France checking out the A-4M Skyhawk
The A-4M Skyhawk was designed specifically for use by the U.S. Marine Corps.
In late 1972, two A-4M’s were flown from NATC RDT&E, NAS Patuxent River, MD, to Landivisau, France via Goose Bay, Labrador, and Keflavik, Iceland for compatibility tests on the French aircraft carrier Foch. After a week of shore-based flights, the Skyhawks bagged seventeen traps and catapults on the 845ft long Foch. Launches with the BS-5 catapult built up to 21,500 pounds until the weight limit of the catapult track cover deflector was reached.
After briefing the French Defense Ministry, the pilots flew the A-4M’s onboard John F.Kennedy in the North Sea for transportation to Norfolk, VA.
Tom Myers (left) and Myrden Pelligrin with A-4M Skyhawk BuNo 158148 148, on-board the French aircraft carrier Foch.
From left: LCDR Tom Myers, project pilot; CAPT Jack Chalbeck, head of the Flight Test Division at Pax River; and LT Myrden Pelligrin, project pilot; in front of one of the two A-4M Skyhawks used in the Foch (R 99) carrier suitability trials. The Skyhawk, BuNo 158148, is now on display at the Quonset Air Museum, North Kingstown, R.I.
Photos from CAPT Tom Myers, USN (ret).
20 MAR 1973:BuNo 148425 marked with "Black Sheep", but really serving with PAX River. Per contributor, this a/c was being used for testing by the French Navy for use on their aircraft carrier.
Date Unknown, perhaps MAR73: Believed to be at PAX River.
Further details from "Boom"
Le Cielfaucon Francais!
That’s French Skyhawk for those who don’t parlez. After an item appeared in the Skyhawk Association’s journal, A4Ever, Tom Myers who was head of the Carrier Suitability Branch at Pax River, wrote and turned a TINS into a true tale of adventure.
We were tasked to fly two A-4M's to France in September 1972 and operate off their carrier Foch (R99). I learned the Marines were taking a squadron of A-4M's over to Norway for an exercise at the same time so we had a meeting to see if we could tag along and use the same SAR forces on the crossing from Argentia to Iceland. The Marines said it would be OK to add ourselves to the end of the line. The navigation would be all dead reckoning after Newfoundland and the Scooters would be tight on gas. I had arranged for the Recce RAG’s (RVAH-3) TA-3 to go with us. (ed: trainer Skywarrior, not a tanker) When the Marines found out we had a pathfinder they asked if we would please go first and call back wind corrections, etc.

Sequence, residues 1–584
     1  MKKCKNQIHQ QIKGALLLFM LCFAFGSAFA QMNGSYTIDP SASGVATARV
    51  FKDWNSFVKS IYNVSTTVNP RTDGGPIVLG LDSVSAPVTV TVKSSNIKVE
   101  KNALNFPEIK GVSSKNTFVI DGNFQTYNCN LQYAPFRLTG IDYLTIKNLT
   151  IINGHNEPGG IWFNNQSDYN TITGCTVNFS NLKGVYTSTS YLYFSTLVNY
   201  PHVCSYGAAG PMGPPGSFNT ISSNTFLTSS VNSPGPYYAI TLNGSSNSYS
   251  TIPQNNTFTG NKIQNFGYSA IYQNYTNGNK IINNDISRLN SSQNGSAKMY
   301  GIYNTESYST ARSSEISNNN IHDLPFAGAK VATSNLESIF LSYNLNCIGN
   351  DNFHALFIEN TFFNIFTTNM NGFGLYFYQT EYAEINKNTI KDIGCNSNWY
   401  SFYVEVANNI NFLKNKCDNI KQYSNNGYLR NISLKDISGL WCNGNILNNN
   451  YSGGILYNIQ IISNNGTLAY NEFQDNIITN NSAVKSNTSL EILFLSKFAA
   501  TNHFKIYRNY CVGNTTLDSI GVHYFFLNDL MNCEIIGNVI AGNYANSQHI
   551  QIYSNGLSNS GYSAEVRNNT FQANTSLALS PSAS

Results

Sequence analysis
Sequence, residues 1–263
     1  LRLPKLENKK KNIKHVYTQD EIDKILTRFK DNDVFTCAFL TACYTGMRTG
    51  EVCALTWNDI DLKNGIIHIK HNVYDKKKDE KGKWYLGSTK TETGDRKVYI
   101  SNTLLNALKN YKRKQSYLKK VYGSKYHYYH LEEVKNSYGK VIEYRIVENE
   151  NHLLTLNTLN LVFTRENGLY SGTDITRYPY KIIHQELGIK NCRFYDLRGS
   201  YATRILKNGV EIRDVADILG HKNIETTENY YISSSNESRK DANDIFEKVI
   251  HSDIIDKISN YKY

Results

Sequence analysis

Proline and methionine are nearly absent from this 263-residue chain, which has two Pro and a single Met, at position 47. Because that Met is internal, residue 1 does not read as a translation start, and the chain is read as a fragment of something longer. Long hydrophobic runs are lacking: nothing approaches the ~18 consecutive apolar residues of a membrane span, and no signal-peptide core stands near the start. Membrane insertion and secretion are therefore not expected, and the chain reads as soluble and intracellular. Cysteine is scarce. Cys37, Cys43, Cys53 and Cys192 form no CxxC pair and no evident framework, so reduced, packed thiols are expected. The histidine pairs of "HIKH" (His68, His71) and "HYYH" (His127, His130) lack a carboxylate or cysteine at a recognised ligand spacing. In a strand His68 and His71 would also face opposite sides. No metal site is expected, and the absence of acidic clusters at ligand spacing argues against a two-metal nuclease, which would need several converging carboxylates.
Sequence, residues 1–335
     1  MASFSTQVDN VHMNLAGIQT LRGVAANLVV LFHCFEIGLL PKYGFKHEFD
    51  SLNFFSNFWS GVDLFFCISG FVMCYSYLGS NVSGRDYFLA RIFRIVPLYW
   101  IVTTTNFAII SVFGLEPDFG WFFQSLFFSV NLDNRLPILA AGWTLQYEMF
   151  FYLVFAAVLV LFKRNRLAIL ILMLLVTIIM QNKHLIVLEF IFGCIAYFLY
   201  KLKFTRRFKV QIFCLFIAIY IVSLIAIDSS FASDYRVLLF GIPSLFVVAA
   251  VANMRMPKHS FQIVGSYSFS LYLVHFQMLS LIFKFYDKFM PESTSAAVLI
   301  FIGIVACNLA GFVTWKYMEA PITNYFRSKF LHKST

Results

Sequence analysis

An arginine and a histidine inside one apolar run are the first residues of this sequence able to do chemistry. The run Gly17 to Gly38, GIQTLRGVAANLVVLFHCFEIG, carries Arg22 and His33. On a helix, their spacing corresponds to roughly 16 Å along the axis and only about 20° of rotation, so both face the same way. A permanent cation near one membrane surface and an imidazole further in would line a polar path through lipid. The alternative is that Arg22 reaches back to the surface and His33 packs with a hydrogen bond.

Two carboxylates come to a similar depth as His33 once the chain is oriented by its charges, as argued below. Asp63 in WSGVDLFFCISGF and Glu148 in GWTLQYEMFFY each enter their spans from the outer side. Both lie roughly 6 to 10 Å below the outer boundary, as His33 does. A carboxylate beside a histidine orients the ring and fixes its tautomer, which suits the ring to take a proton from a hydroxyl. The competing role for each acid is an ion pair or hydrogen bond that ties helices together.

At the flight briefing I made some smart remark about if you have to eject, just before you hit the water you should raise your arms over your head. The rescue folks wouldn’t come get you unless they saw body movement. With your arms frozen in that position the Atlantic waves would make it seem you were waving. The young Marines didn't see the humor.
The leg from Pax to Argentia was my first flight in an A-4M. The next day the weather was near zero-zero and solid to 30,000 feet. We lined up and requested a section takeoff with our pathfinder. Not approved. Asked for the two A-4s to go in section. Not approved. So the TA-3 went first, then me, and then the second A-4M. Their radar was good only out to fifty miles. It took 100 miles to get on top of the clouds and another 100 miles of direction finder cuts to get the two A-4s together only to learn the TA-3 had climbed slower and was now behind us! After much praying in the cockpit, God put the three of us together just as we approached the no return point.
We could hear the Marines talking as they climbed and got their flights together. The pathfinder crew would call back winds and recommended headings which would be radioed back to each flight. Everything seemed to be settling down except the weather was still solid below us. As we got to Greenland, the clouds looked like they had been cut with a knife, a perfect sharp line, and from that point on it was sky-blue perfect. The TA-3 passed the word back, "You can see Greenland" You could hear it being relayed back to each flight, "You can seen Greenland. You can see Greenland" Probably from the last flight to get airborne, a nervous voice filled with relief said, "Thank God!" The BOQ bar in Keflavik was pandemonium that night. And the TA-3 crew didn't have to pay for a single drink. The two A-4M's we took over looked identical from the outside, but one aircraft had an internal self-starter while the other needed the standard ground gear. The first night at the French air base in Landivisau, the Douglas factory crew changed the 300 gallon fuel drop tanks for 300 gallon water tanks which look exactly like the gas tanks except for a small vent line that allowed you to blow the water out quickly when you pressurized the transfer system. Inside, a system of baffles stopped the slosh of water during a cat shot if only partly full. You would take a cat shot at a certain gross weight, turn down wind, blow the water out and land, fill them up again to the desired weight.